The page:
A Comparison of Three Methods for Measuring Mixing-Layer Height

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  • 1 Atmospheric Physics Section, Radiological and Environmental Research Division, Argonne National Laboratory, Argonne, IL 60439
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Abstract

Temperature profile, lidar and sodar results for determination of mixing-layer heights during October 1977 are compared. While the overall agreement was good, systematic differences do appear, particularly in early morning and late afternoon between lidar and sodar results, when the lidar values are consistently higher than the sodar. Temperature profile values are consistently lower than the other two methods. These differences are due to the slightly different behavior of the sensed variables near the capping inversion. Aerosols and particulates mix to larger heights than the top of the adiabatic temperature profile, while temperature fluctuations exhibit an increase at a height above the top of the adiabatic temperature profile but below the maximum height of particulate mixing.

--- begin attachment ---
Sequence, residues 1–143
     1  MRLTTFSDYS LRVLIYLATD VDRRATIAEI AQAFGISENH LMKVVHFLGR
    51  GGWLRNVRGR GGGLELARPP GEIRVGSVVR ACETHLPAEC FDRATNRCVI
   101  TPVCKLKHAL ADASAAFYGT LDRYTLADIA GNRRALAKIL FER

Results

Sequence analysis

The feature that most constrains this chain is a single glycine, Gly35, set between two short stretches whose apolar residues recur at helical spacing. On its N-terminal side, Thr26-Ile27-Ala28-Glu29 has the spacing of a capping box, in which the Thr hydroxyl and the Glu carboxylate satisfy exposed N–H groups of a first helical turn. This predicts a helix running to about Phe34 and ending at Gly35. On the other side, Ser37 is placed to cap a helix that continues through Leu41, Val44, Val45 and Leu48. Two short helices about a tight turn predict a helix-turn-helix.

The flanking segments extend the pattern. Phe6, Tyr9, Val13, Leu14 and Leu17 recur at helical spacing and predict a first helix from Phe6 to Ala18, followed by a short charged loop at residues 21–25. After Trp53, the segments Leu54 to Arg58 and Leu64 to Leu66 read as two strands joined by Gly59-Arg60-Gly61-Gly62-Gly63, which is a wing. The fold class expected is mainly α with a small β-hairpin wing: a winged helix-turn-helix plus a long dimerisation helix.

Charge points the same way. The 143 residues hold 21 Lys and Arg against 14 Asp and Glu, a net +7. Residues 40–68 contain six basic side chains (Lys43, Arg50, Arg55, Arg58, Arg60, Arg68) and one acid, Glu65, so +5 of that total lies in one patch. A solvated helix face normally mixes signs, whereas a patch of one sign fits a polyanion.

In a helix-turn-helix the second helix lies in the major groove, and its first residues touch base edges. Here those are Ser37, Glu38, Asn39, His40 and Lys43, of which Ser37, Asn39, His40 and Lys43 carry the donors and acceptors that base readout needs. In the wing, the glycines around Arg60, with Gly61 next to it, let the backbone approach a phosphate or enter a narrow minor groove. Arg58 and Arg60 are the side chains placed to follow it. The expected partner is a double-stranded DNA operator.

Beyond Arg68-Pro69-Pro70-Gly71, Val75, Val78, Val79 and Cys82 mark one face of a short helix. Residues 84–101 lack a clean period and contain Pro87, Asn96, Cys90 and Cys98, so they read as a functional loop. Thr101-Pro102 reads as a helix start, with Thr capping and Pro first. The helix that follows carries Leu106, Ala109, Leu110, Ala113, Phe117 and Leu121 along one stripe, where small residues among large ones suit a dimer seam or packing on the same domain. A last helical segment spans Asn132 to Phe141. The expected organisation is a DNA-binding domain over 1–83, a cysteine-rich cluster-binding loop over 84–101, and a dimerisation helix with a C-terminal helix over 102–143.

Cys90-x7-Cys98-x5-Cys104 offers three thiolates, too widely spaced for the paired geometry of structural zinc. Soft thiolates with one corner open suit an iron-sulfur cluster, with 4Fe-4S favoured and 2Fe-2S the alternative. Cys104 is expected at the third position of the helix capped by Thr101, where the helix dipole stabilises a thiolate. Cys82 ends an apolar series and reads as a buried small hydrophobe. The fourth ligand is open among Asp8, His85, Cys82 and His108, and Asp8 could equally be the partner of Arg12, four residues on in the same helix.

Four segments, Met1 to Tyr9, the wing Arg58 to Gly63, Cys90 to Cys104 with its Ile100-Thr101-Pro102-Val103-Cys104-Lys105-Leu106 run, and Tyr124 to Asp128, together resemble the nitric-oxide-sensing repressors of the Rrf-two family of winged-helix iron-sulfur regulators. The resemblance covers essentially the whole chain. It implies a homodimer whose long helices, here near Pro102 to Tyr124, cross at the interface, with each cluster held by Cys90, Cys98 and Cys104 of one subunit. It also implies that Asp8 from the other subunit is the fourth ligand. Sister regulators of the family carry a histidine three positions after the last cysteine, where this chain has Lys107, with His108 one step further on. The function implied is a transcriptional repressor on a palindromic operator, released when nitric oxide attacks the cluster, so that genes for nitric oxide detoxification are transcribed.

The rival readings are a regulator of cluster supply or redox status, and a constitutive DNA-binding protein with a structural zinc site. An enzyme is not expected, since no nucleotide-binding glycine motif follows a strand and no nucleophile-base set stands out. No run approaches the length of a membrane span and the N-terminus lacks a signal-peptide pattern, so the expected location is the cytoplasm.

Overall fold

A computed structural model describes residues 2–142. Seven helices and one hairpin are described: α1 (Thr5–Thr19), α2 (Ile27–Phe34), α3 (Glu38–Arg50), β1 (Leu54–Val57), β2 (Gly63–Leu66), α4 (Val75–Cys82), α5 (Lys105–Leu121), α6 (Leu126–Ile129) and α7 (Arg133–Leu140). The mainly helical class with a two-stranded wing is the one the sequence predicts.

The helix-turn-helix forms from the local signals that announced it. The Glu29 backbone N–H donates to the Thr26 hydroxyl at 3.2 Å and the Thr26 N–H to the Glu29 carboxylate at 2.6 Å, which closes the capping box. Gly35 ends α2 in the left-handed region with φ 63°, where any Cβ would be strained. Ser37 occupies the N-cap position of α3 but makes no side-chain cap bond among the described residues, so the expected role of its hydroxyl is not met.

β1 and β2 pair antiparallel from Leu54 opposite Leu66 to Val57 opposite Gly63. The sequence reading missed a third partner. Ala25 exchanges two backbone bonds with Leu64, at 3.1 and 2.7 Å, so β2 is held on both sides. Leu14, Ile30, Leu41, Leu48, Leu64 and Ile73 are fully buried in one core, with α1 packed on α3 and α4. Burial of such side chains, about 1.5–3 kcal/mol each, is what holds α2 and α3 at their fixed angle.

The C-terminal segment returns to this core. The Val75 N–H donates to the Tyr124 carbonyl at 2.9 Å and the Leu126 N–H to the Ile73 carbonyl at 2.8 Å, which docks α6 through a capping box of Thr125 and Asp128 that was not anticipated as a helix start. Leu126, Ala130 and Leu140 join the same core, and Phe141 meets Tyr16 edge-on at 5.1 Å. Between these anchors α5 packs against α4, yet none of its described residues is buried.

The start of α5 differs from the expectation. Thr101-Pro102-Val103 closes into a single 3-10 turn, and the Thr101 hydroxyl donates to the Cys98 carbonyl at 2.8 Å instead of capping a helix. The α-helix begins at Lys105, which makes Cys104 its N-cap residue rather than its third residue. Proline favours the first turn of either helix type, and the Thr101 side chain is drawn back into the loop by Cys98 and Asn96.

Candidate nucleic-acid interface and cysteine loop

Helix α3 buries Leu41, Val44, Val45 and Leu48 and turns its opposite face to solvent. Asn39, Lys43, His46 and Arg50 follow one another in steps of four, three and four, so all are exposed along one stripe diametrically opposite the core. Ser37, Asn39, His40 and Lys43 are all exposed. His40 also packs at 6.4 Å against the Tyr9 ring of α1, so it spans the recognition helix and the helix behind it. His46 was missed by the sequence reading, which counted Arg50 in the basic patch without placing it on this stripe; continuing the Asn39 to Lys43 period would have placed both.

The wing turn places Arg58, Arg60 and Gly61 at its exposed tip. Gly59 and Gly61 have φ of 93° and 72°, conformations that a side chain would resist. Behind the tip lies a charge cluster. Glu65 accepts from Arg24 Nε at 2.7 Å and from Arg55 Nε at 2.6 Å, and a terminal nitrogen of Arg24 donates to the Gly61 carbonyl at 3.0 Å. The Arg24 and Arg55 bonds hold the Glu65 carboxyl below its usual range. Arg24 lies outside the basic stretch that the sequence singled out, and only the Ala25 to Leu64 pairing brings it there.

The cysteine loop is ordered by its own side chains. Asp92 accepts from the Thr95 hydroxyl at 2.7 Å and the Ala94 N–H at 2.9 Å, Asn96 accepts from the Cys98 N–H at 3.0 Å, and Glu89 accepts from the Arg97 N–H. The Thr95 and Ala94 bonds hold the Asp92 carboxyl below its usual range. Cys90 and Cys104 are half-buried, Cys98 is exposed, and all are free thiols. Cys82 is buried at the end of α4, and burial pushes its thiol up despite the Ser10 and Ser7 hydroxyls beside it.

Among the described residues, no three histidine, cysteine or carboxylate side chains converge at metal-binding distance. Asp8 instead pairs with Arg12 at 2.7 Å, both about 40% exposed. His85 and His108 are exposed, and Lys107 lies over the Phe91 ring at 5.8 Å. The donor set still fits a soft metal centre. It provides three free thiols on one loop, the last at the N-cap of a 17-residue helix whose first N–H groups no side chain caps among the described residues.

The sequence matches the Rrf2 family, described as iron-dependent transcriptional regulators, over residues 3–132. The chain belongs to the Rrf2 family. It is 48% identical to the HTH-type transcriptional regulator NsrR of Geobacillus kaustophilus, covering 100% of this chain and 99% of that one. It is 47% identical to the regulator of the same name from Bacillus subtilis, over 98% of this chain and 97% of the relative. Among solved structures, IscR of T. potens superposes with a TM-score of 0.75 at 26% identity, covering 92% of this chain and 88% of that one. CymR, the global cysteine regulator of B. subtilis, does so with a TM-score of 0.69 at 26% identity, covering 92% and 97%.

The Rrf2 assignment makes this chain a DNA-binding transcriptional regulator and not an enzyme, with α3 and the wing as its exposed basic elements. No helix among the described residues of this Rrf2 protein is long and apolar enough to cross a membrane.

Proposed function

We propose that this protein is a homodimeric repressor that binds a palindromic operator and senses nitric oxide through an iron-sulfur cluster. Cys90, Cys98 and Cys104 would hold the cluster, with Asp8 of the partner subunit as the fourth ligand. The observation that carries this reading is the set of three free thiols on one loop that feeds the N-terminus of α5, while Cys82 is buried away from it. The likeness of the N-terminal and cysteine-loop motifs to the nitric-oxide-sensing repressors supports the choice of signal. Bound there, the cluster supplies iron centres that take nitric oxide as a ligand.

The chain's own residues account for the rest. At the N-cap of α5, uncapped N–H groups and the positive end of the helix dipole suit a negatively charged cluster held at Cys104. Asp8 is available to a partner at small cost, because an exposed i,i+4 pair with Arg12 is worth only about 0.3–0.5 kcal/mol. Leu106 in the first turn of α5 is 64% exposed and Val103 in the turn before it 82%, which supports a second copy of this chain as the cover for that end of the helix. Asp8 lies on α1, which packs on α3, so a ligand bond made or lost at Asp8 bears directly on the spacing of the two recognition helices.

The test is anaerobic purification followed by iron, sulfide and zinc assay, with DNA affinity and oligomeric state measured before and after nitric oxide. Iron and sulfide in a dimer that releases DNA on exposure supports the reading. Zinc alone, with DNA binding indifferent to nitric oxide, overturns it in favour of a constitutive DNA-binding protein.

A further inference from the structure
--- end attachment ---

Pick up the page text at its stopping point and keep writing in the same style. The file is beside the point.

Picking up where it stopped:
Abstract

Temperature profile, lidar and sodar results for determination of mixing-layer heights during October 1977 are compared. While the overall agreement was good, systematic differences do appear, particularly in early morning and late afternoon between lidar and sodar results, when the lidar values are consistently higher than the sodar. Temperature profile values are consistently lower than the other two methods. These differences are due to the slightly different behavior of the sensed variables near the capping inversion. Aerosols and particulates mix to larger heights than the top of the adiabatic temperature profile, while temperature fluctuations exhibit an increase at a height above the top of the adiabatic temperature profile but below the maximum height of particulate mixing.

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